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Indira's Cong took money from US, claims book

Last updated on: October 12, 2010 00:01 IST

Indira's Cong took money from US, claims book

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An allegation that the Congress party took money from the United States during the Indira Gandhi era has been made in a book to be released on Tuesday, but the party dismissed the charge as 'unsubstantiated and malicious.'

The allegation is contained in the book which is a collection of personal letters and journal entries of former US Senator and ambassador to India, late Daniel Patrick Moynihan. It is edited by Steven R Weisman, public policy fellow at the Washington-based Peterson Institute.

Moynihan, who was Washington's envoy to India during the crucial years of 1973 to 1975, refers to the then US Secretary of State Henry Kissinger's meeting with Prime Minister Indira Gandhi on October 28, 1974 in New Delhi.

Text: PTI

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Image: Former Prime Minister Indira Gandhi
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'United States supported the Congress party'

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In his journal entry, the ambassador says Kissinger had met the Indian leader alone, except for a few moments when her Principal Secretary P N Dhar was present.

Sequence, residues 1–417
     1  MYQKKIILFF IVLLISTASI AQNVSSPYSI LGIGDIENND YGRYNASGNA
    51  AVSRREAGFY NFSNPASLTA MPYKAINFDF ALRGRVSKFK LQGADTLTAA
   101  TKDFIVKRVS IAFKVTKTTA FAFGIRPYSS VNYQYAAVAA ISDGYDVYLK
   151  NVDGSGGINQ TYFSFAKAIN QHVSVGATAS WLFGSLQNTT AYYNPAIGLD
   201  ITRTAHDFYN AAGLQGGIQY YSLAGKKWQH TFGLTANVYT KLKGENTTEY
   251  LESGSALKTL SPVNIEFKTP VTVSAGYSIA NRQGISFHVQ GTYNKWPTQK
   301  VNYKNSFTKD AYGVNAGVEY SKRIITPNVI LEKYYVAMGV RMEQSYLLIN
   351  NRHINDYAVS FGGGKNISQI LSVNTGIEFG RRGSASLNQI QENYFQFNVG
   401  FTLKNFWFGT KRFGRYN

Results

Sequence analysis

"What exactly went on I shall never know, but evidently it went well enough," he writes. Moynihan nevertheless records that Gandhi began by saying that she assumed that Kissinger wanted to talk about the nuclear explosion conducted by India in May of that year.

"He (Kissinger) said yes, he wanted to talk about the bomb. India had one now...its interest is now to see that others do not get one," he wrote.

"Turning to CIA (Central Intelligence Agency, the US spy agency) he (Kissinger) said that the United States supported the Congress party. (A fact she must know, in the past having taken our money. He would know that she would know that he would know this)," he writes in the entry.

Image: Former US Senator and ambassador to India, late Daniel Patrick Moynihan
Photographs: Reuters
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'Such derogatory interferences don't' deserve a comment'

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It is not clear from the book titled 'Daniel Patrick Moynihan; A Portrait in Letter of an American Visionary' what is the basis of the ambassador's account of the Gandhi-Kissinger meeting since he himself records that he was not present. At one point he uses the expression 'if I surmise correctly' about the exchanges between the two leaders.

Asked about the allegation, Congress spokesman Manish Tiwari said in New Delhi, "36 years later if somebody decides to write a book, which contains unsubstantiated, derogatory and malicious inferences, we will not like to dignify it with a comment."

 


Image: Congress general secretary Rahul Gandhi, speaks during a conference in Kerala
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'US has never sought any internal political influence in India'

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Two months later, Moynihan wrote in a letter to Dhar that the United States saw its interest lying in the success and continuance of the 'present' Indian regime.